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I am an old newbie I am learning now a Operating Systems course where we need to compile a program in 9.10 Ubuntu. this program is not running as expected on further releases of Ubuntu (such as 12.04) my question is how to compile a c program using the kernel of 9.10 from Ubuntu 12.04 (the newest release) remarks : 1 Ive installed an Ubuntu 9.10 partition on my computer. so I can use the libraries from there. but, nevertheless, I would like to work from my 12.04 partition. 2 maybe this manual could help

thanks niv

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You'd be best off creating a "chroot" for Ubuntu 9.10, and compiling within that chroot.

There's some detail about this in my answer to Building multiple packages for deployment on different Ubuntu versions, but the basic procedure is:

  • Use mk-sbuild --name=my-karmic-chroot karmic to create a new chroot for Ubuntu 9.10 (the codename for 9.10 is "karmic")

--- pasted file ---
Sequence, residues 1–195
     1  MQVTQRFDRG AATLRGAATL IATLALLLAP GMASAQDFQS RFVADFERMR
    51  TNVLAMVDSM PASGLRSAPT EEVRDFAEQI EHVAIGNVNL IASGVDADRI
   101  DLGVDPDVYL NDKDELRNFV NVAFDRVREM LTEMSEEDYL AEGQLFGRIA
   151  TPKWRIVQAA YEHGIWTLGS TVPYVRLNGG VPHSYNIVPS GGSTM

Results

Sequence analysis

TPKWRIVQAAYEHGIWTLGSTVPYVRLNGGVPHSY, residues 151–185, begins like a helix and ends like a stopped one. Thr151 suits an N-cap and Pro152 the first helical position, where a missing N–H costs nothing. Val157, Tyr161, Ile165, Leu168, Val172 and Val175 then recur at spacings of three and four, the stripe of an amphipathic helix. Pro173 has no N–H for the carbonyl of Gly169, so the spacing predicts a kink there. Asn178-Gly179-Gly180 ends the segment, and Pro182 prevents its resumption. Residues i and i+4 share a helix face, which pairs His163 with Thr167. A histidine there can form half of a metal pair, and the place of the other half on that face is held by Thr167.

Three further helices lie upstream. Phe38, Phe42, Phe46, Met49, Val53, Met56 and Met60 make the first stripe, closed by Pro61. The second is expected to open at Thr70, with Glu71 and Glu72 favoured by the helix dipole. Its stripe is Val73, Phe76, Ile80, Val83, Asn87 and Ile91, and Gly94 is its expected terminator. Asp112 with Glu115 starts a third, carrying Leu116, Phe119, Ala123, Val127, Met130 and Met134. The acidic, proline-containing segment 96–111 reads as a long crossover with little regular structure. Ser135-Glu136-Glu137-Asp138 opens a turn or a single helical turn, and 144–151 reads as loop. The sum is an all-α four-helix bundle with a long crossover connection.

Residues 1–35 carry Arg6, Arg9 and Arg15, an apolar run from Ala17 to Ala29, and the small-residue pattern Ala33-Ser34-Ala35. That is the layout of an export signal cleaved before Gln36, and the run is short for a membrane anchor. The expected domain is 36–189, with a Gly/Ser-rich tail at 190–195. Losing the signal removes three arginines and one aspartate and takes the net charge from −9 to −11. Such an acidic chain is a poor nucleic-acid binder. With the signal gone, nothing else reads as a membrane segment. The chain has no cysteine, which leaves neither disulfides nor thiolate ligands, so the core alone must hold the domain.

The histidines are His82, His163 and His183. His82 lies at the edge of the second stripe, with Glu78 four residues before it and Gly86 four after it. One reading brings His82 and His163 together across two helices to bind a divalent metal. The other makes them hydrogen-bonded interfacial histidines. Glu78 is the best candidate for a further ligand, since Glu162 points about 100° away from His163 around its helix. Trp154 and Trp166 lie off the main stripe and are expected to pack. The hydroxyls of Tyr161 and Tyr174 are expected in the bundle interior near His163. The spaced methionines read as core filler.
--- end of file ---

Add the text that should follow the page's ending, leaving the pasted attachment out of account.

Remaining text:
• Use schroot -c my-karmic-chroot to enter the new chroot, and do your compiling

If you're compiling Ubuntu packages, the sbuild tool can be used to automate this.

Note that this does not use the kernel of 9.10, only the userspace components (including libc and C runtime libraries). You'll still be running the 12.04 kernel. However, do you specifically need the 9.10 kernel?

If you really do need the 9.10 kernel, you can use virt-manager to setup a 9.10 virtual machine on your 12.04 install. You can then log into this like it's a real 9.10 machine.

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thanks for the answer – jokop Mar 13 '12 at 11:35
but I will like to follow the instructions found in the link Ive shown earlier. even simpler, I can replace the gcc option -nostdinc explained in the link with --sysroot=my_ubuntu_9.10_partition then I hope it would compile with the 9.10 glibc libraries\includes – jokop Mar 14 '12 at 9:43
You could do that, but a chroot is "cleaner"; for more complex projects, there may be other system dependencies that aren't controlled by gcc's sysroot configuration. eg, stuff that uses pkg-config. – Jeremy Kerr Mar 14 '12 at 9:55

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